Ontogeny and Physiology of the cavum septum pellucidum in premature infants

Howard William Needelman, Bruce Schroeder, Matthew Sweney, John Schmidt, John B. Bodensteiner, Bradley Schaefer

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Abstract

We report the natural history of the closure of the cavum septum pellucidum in 47 premature infants. In this study, a cavum septum pellucidum was present in all patients at 25 to 26 weeks' postconceptual age, in keeping with previous reports. The data from this study suggest that premature delivery does not change the natural history of the normal closure of the cavum septum pellucidum in most infants by 36 to 40 weeks' postconceptual age. Although not statistically significant, there is a suggestion from these data that higher grades of intraventricular hemorrhage are more frequently associated with loss (early closure) of the cavum septum pellucidum. One particularly illustrative case with a grade 4 intraventricular hemorrhage and subsequent hydrocephalus suggests that increases in pressure and volume in the lateral ventricles can cause the laminae of the septum pellucidum to approximate and appear to fuse earlier than expected. However, the fact that the cavum septum pellucidum reappeared in this case after ventricular pressure was decreased (postventricular shunt) suggests that approximation is not the sole factor in definitive fusion of the laminae of the septum pellucidum.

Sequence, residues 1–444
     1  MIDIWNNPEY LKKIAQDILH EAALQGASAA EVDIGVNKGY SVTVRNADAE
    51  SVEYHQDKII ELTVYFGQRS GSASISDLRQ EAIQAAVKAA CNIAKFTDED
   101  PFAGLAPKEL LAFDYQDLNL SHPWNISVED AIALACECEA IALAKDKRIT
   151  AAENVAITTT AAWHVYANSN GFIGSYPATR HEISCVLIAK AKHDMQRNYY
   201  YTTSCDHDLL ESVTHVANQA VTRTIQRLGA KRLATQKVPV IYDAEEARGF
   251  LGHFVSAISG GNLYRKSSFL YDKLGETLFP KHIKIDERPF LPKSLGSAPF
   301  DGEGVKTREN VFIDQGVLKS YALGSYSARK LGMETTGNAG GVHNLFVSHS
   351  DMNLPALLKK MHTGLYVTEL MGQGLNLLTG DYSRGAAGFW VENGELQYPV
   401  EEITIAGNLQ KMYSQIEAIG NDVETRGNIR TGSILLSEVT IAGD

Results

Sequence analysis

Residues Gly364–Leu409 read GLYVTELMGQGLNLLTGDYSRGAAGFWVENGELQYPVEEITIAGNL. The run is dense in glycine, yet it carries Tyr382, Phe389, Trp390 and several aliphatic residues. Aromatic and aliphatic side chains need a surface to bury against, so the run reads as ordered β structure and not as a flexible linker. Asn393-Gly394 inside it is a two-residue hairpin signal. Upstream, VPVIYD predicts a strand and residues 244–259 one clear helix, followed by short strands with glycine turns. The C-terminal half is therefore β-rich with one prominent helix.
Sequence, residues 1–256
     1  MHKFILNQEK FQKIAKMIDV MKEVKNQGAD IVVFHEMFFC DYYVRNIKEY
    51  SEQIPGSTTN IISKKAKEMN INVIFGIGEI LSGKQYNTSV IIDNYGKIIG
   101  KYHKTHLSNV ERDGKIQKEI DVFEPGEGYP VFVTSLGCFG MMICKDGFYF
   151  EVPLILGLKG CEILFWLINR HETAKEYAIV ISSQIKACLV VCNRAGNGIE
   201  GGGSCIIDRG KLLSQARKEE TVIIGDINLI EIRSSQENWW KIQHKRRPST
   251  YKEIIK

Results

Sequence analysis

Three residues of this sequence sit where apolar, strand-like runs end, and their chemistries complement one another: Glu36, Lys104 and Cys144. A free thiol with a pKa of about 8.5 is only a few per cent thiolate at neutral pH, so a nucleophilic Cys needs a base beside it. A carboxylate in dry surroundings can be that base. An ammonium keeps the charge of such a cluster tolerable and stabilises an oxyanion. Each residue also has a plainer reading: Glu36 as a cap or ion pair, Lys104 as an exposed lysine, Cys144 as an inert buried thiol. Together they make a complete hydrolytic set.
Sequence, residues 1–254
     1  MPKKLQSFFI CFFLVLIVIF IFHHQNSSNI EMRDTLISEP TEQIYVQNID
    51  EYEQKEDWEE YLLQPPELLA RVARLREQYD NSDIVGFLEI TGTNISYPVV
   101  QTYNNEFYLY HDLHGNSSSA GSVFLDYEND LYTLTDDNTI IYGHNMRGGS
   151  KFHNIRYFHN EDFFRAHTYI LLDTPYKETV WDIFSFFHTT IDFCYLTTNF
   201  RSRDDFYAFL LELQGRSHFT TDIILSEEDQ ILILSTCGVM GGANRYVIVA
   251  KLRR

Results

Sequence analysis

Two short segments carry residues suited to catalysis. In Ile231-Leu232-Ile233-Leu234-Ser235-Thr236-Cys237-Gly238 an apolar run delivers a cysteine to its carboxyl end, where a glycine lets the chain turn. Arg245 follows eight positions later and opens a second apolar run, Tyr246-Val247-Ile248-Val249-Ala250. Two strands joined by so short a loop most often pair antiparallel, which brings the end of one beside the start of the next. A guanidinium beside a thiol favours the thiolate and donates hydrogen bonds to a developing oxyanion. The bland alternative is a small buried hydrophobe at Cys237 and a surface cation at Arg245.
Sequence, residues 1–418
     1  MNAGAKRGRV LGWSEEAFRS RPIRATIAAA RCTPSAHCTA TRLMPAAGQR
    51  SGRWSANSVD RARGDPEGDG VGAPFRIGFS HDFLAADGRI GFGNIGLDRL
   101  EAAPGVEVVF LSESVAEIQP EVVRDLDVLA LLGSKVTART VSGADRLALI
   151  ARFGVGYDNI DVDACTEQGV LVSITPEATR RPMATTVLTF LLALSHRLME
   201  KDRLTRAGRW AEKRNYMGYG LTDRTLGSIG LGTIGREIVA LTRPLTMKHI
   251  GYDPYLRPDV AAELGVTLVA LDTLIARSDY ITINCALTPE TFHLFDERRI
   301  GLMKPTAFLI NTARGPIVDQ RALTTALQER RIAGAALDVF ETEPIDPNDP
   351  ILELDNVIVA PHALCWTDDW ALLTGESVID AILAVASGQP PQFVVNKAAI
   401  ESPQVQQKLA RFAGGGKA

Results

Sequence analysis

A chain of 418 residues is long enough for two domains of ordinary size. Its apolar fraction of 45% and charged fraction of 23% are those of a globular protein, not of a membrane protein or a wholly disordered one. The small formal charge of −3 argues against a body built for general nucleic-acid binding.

Original languageEnglish (US)
Pages (from-to)298-300
Number of pages3
JournalJournal of Child Neurology
Volume21
Issue number4
DOIs
Publication statusPublished - Apr 1 2006

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ASJC Scopus subject areas

  • Pediatrics, Perinatology, and Child Health
  • Clinical Neurology

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